Currently, there are two measurement scales that are used to describe an earthquake's intensity. That preferred by geologists is the Modified Mercalli Intensity Scale. It consists of 12 increasing levels of severity based on ground acceleration. The other system is the familiar Richter Scale, which is based on the energy released through surface seismic waves accompanying an earthquake. Each whole number increase in the scale (1 through 10) represents a magnitude of released energy that is 10 times stronger than the previous level; this means that an earthquake with a magnitude of 8 is 10,000 times stronger than one with a magnitude of 4. The Richter Scale, which is itself a modification of an older standard called the Rossi-Forel Intensity Scale, is usually estimated from the Mercalli Scale and reported through the mass media. (Refer to the appendix for a comparison of the scales). The smallest earthquakes that can be felt have a magnitude of about 2. Even though the Richter Scale has an upper limit of 10, the highest theoretical magnitude that could be generated by a tectonic-based earthquake is 9 (Finkl).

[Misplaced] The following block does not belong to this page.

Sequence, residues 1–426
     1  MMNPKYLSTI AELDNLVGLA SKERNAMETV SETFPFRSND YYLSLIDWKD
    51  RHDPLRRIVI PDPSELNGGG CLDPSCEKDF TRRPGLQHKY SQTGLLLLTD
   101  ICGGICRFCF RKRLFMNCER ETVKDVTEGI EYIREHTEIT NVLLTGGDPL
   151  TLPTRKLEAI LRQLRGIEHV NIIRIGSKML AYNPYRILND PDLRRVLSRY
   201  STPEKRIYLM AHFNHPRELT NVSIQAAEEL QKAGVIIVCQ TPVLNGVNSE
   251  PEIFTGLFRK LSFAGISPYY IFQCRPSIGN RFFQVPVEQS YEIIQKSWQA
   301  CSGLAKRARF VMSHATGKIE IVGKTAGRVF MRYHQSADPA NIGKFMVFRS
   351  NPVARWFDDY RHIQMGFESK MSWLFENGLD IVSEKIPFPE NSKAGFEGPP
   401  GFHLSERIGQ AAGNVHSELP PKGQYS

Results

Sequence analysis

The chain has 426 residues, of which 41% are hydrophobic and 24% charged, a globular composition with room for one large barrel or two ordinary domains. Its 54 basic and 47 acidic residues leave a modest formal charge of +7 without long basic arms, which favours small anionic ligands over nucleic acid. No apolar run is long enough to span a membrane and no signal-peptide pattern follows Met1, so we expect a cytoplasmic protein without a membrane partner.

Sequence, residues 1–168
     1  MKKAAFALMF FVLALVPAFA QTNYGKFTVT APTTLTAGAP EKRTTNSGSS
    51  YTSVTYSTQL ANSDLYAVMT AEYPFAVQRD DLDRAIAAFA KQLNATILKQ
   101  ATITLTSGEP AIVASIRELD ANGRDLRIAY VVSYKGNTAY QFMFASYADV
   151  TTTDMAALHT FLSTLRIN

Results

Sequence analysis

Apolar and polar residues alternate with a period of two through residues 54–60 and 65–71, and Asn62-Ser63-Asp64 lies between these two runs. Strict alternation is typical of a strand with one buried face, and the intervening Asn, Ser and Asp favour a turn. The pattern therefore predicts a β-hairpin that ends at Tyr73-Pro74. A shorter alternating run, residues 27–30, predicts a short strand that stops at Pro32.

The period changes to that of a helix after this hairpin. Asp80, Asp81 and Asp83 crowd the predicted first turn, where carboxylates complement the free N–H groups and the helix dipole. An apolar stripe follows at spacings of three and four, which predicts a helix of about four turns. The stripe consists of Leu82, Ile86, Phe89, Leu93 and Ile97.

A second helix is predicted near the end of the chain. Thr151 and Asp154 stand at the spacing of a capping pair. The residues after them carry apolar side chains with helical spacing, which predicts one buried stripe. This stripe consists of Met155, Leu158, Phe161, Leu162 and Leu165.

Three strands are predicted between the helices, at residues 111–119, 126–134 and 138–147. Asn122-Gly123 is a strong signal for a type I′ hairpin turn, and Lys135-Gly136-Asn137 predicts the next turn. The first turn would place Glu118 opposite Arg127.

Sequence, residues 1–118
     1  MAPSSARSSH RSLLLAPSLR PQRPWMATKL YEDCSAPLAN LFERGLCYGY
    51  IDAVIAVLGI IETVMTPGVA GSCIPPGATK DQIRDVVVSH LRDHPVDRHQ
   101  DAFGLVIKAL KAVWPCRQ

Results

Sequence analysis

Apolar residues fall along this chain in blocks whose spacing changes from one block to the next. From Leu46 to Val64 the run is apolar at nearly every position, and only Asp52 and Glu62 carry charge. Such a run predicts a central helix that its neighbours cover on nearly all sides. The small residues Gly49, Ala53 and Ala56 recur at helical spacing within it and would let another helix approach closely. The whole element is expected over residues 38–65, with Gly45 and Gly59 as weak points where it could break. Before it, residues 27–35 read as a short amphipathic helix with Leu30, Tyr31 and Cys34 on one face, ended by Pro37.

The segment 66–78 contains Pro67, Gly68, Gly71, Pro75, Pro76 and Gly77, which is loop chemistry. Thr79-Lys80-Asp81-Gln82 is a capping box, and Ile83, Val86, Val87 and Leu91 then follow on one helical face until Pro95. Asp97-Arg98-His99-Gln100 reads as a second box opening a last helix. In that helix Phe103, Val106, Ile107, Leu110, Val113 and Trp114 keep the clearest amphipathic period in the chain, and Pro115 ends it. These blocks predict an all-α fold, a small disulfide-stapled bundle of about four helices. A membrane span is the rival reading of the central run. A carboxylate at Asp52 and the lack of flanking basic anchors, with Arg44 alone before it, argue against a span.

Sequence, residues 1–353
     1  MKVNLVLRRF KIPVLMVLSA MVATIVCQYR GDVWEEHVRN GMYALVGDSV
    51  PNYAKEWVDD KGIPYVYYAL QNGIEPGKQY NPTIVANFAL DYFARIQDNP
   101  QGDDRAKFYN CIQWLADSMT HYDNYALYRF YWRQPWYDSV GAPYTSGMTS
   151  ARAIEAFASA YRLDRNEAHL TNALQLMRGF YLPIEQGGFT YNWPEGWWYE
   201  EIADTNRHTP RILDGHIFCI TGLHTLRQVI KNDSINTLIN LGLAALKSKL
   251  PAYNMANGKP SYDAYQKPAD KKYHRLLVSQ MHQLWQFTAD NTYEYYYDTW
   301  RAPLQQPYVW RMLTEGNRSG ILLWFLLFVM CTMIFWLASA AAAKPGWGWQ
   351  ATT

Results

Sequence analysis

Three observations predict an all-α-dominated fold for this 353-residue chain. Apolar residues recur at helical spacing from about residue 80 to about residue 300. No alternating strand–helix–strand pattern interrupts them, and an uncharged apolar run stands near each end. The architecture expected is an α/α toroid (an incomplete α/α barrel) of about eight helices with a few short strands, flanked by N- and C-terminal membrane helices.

Earthquakes happen almost everywhere in the world, even in Texas.

Although earthquakes represent less of a hazard in Texas than in other states...damaging earthquakes do occasionally occur in Texas.... A comprehensive review of Texas earthquakes from 1847 to 1986 [reveals] 106 earthquakes of magnitude 3 or greater [86 of which were felt]; of these, 24 are earthquakes for which reports of damage are available, and 1 was responsible for a human fatality (Davis et al. 1,2).